Playing live is so important because it’s the only time you really get to look people in the eye and go, “Alright, this is what we got.” The human connection is more important now than ever. The layers of internet communication we have confuse me sometimes. It’s like looking at somebody on tracing paper. Not a real picture. We make primal rock music. And primal rock music has to have a live audience. I don’t care if it’s two people, 200, 2,000 or whatever. I need to smell somebody. This album was written with that in mind.
Monster Magnet’s been misunderstood from the day it came out, but that’s OK. Music is weird and cool. And being in a band is weird and cool. I’ve been in a band for a long time. I never wanted to be the band that totally sold out. Never wanted to ring the bell of every single shmuck on the planet. I never wanted to be the band that jumped the shark so fucking bad that I was stuck in a position like, “Yes, I’m the shark jumper” and walk around high-fiving myself in spite of it. And the only way to do that is be true to myself. And if that means being misunderstood sometimes, then so be it.
In the end and regardless of my banter, what I hope people will understand about this album, whether they really get the sensibility of the lyrics or not, is that Mindfucker is still that rock-forrock’s-sake record I’ve been talking about. And there’s nothing wrong with that. Rock on.
— Dave Wyndorf, 2018
22 years after their first release and 10 years after their last album, Nebula are back. And you’re thinking “Holy shit!” right now, you pretty much nailed it. Holy Shit is Nebula’s first LP since 2009’s Heavy Psych, and it quickly puts to rest the question that’s loomed since guitarist/vocalist Eddie Glass, bassist Tom Davies and drummer Michael Amster announced the band’s reformation in 2017. Nebula are still Nebula.
It’s there in the inimitable space-grunge of “It’s all Over,” or the take-a-drag-and-be-gone “Let’s Get Lost,” or the way “Tomorrow Never Comes” manages to be so, so heavy and laid back at the same time. It’s in the paradise-psych of “Gates of Eden” and even the snoring you hear before the devilish “Man’s Best Friend” kicks in to open the album (the studio couch became a crash spot).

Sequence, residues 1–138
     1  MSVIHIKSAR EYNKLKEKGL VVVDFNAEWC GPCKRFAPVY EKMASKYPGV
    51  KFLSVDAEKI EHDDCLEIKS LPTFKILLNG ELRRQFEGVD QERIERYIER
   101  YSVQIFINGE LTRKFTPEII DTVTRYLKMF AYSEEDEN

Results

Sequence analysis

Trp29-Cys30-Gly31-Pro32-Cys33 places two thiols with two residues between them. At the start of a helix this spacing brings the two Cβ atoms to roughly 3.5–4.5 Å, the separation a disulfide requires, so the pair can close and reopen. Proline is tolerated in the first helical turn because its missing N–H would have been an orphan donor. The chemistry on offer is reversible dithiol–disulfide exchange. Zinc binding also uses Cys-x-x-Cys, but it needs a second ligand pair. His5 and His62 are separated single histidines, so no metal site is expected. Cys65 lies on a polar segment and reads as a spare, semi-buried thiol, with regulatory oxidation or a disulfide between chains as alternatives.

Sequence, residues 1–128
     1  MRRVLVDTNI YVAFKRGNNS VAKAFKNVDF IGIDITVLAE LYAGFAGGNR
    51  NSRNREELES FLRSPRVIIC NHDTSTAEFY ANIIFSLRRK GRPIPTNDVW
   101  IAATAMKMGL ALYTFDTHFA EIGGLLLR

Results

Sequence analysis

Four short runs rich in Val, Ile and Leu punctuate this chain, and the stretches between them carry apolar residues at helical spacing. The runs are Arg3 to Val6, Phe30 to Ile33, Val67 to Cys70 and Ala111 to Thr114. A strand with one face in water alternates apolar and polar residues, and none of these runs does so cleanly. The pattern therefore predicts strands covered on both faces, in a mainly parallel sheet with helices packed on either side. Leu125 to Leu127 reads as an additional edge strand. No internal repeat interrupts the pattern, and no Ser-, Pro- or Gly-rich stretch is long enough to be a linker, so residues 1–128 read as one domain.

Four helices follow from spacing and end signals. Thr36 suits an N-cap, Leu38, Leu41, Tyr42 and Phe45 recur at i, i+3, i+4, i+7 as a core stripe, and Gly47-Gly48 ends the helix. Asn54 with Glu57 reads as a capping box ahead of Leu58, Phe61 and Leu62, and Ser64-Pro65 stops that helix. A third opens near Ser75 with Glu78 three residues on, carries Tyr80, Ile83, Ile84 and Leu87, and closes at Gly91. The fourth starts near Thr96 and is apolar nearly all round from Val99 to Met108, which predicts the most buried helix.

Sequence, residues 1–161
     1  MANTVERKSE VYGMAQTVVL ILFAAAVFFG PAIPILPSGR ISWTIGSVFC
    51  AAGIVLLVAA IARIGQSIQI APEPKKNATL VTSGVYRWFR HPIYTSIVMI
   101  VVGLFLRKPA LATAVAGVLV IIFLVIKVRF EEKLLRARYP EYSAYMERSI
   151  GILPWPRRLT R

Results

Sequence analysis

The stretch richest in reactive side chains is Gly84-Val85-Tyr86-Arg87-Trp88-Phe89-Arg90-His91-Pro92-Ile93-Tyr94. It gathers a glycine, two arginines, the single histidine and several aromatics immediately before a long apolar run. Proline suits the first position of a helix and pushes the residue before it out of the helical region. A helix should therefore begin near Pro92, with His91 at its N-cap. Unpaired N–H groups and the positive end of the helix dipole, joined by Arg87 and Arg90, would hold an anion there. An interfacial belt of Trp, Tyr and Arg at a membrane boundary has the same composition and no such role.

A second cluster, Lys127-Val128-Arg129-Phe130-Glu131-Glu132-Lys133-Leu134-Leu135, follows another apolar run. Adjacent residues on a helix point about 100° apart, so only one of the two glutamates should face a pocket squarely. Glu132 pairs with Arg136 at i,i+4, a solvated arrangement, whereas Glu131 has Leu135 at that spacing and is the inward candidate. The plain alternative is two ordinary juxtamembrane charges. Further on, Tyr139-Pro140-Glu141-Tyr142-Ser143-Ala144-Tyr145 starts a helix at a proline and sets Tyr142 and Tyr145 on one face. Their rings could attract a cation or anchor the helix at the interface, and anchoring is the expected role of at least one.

Since the days of 1998’s Let it Burn EP and the now-classic To the Center debut album, Nebula have always been just a little more dangerous. Just a little more unhinged. Holy Shit shows this front-to-back for the essential part of their character it is, and yet it’s not trying to be anything they’ve done before, whether it’s those early outings or Heavy Psych or Charged (2001), Apollo (2003) or Atomic Ritual (2005). It’s a sixth Nebula album -- something for which even the most ardent of fans could hardly have hoped.
The basic tracks were done in two days, recorded at Mysterious Mammal Studios in L.A. with Matt Lynch (also of Snail) at the helm. Leads and loops and feedback effects were done live by Glass and Davies as they recorded the basic tracks, just the way they’d do it on stage, and overdubs followed after as needed. A glut of material was produced and whittled down to the core of what you hear here. A sixth Nebula album. And when you hear it, you’ll find yourself saying that title all over again.
Formed in the wake of Type O Negative and Seventh Void, SILVERTOMB is the latest musical endeavor of Kenny Hickey (Type O Negative, Seventh Void, Johnny Kelly (Type O Negative, Danzig) and Hank Hell (Seventh Void, Inhuman), this time teaming up with New York Hardcore Veteran Joseph James, (Agnostic Front, Inhuman) on guitar, and Aaron Joos (Awaken The Shadow, Empyreon) on Keys, Guitar, and backing vocals.